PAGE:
Robert Weinberg on Deciding to Study Breast Cancer
  Robert Weinberg     Biography    
Recorded: 03 Jun 2016
So in 19…1992 - or so a fellow called Piotr Sicinski or Peter Sicinski came to my laboratory and I said ‘What do you want to do?’ And one day when we were driving up to a scientific retreat he said ‘I want to knock out certain genes in the mouse germ line, cyclins, they’re called, which enable cells to go through an entire cell cycle.’ I said ‘Well, that doesn’t seem very likely that that’ll be very interesting because if you knock out one or another cyclin genes that’s probably going to be a fatal change and you won’t even get embryos formed at all.’ But he stuck with it. After all, what did I know, and people usually take my advice with a grain of salt, which is good. And he found that when he knocked out the cyclin D1 gene in the mouse, then the mouse was actually pretty normal. Its retina was slightly abnormal, but it failed to develop a large mammary ductal tree upon pregnancy and therefore, the ability of the mammary gland to function normally was severely compromised in a mouse that lacked a gene and protein which otherwise would seem to be required everywhere throughout the body. But it was not. So that got us involved in the whole procedure of mammary gland manipulation. Implanting mammary epithelial cells into the mammary stromal fat pad, the work of Cathrin Brisken. So by the late 1990s, we had already become very versatile and well-equipped to study mammary epithelial cells - both normal and neoplastic and so that’s the reason that I work on breast cancer and it happens also to be the case, that there’s also funding to work on breast cancer. Because, before that time, it is said that women’s diseases neoplastic were ignored. By now, the amount of money spent on breast cancer research is probably ten or twenty times higher than the amount spent on prostate cancer research. What’s the number of men who die of prostate cancer every year compared to the number of women that die from breast cancer? It’s actually about the same. So the women’s breast cancer lobby has been very effective.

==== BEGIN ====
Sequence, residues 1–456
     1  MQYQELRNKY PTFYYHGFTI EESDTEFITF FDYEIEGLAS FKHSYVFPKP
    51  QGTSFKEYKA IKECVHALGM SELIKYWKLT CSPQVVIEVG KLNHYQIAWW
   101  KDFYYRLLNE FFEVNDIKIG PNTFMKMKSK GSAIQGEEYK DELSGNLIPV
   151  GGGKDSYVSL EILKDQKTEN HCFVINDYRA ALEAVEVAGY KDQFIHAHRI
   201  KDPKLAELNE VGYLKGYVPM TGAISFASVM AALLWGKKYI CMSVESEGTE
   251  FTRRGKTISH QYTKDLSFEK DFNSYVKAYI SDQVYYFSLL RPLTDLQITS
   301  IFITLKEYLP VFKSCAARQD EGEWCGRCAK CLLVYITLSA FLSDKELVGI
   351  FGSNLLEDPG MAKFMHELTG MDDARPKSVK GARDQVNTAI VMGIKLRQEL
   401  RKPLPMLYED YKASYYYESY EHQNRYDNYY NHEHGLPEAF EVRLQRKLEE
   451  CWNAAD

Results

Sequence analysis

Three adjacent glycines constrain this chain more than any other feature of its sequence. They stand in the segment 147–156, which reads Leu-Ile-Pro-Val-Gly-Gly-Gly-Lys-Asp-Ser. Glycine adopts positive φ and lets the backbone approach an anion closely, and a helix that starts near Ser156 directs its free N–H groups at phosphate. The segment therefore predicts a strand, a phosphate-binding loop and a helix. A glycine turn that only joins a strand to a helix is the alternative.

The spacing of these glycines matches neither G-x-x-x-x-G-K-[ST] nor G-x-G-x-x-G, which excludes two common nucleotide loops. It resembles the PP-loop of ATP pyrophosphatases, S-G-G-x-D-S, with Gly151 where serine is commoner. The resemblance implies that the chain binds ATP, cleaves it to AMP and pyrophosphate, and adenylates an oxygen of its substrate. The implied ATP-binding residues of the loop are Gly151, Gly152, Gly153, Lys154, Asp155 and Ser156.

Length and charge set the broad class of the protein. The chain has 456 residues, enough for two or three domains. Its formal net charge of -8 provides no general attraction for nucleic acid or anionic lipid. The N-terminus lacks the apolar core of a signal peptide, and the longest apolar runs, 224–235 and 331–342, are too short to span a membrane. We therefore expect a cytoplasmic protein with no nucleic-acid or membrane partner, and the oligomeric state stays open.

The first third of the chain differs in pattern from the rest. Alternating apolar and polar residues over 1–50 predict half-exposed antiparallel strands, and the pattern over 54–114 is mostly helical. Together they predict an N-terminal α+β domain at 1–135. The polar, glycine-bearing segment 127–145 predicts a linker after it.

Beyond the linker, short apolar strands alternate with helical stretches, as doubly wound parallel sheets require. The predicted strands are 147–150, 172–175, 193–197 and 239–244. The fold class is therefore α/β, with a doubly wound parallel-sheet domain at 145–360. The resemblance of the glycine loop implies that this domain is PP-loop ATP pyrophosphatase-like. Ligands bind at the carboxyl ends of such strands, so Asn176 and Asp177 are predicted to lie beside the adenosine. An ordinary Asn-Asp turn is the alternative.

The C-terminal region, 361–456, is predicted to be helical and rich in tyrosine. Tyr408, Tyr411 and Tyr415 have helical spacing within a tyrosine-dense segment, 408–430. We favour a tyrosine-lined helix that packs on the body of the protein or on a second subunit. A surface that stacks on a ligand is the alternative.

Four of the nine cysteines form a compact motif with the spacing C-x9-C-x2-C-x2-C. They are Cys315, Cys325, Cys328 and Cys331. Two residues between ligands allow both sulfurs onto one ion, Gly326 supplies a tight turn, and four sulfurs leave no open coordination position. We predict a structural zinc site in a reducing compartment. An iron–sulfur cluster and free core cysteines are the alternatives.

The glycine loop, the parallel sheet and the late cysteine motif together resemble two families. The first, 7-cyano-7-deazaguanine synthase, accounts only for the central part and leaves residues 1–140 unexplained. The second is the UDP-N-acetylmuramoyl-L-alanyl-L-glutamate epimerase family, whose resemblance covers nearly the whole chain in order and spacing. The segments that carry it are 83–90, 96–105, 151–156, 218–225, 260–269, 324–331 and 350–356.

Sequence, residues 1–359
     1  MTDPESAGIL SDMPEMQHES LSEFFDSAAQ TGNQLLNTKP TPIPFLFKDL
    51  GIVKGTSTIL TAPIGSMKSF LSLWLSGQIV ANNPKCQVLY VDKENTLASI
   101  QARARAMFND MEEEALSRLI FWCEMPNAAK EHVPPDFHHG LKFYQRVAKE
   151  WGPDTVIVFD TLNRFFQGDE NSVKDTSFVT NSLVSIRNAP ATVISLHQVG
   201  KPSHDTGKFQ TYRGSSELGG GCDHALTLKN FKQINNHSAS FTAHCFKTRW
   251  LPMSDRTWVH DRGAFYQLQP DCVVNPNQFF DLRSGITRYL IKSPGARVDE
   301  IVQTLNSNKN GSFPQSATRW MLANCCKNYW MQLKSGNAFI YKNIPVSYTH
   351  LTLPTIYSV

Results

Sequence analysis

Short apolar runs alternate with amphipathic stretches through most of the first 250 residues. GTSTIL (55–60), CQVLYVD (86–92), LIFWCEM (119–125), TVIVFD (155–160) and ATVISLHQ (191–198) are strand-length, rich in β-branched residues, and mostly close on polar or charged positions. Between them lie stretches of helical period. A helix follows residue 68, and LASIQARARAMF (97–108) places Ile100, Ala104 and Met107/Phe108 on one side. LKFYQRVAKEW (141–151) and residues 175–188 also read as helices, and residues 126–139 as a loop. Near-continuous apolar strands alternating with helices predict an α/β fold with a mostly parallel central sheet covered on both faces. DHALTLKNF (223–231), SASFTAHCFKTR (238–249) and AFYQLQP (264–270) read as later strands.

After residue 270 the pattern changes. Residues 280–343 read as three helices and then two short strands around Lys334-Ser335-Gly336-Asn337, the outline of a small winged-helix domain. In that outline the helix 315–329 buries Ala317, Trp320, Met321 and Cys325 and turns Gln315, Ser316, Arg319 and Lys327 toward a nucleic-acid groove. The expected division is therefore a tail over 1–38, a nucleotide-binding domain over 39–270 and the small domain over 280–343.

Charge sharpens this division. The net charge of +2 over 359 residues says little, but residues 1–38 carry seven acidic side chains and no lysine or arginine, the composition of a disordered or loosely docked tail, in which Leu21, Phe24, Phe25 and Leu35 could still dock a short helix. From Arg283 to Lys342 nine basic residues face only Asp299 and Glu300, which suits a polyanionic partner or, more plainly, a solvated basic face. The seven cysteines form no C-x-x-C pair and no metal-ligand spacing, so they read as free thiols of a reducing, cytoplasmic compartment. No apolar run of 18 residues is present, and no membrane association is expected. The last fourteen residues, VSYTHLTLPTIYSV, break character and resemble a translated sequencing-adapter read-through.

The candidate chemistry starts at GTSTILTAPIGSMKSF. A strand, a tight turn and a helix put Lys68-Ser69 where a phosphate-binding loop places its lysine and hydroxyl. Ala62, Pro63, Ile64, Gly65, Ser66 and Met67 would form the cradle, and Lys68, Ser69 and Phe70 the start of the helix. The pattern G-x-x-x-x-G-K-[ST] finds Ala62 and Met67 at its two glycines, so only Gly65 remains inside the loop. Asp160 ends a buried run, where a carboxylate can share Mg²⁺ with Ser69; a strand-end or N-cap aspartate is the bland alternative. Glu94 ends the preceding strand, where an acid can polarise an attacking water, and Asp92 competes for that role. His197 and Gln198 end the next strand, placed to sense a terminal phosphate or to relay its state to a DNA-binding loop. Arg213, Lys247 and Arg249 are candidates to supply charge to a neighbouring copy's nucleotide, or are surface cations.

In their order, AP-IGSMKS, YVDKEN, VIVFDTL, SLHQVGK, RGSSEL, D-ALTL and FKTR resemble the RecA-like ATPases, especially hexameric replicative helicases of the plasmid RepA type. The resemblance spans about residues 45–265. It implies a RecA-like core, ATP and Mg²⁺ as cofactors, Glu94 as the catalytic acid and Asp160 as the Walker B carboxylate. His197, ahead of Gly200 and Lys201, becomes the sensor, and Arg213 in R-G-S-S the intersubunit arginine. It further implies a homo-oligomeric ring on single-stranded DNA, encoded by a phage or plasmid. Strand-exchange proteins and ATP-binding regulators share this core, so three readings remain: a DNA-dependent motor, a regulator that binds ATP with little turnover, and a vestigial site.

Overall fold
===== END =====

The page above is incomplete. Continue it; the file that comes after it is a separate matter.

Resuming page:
Robert "Bob" Weinberg is Daniel K. Ludwig Professor for Cancer Research and director of the Ludwig Cancer Center at MIT, an American Cancer Society Research Professor, and is a founding member of the Whitehead Institute for Biomedical Research.

In 1982 he was one of the scientists to discover the first human oncogene, Ras, which causes normal cells to form tumors, and his lab also isolated the first known tumor suppressor gene, Rb.

He co-authored with Douglas Hanahan the landmark "Hallmarks of Cancer" paper in 2000, which laid out the six requirements for a healthy cell to become cancerous.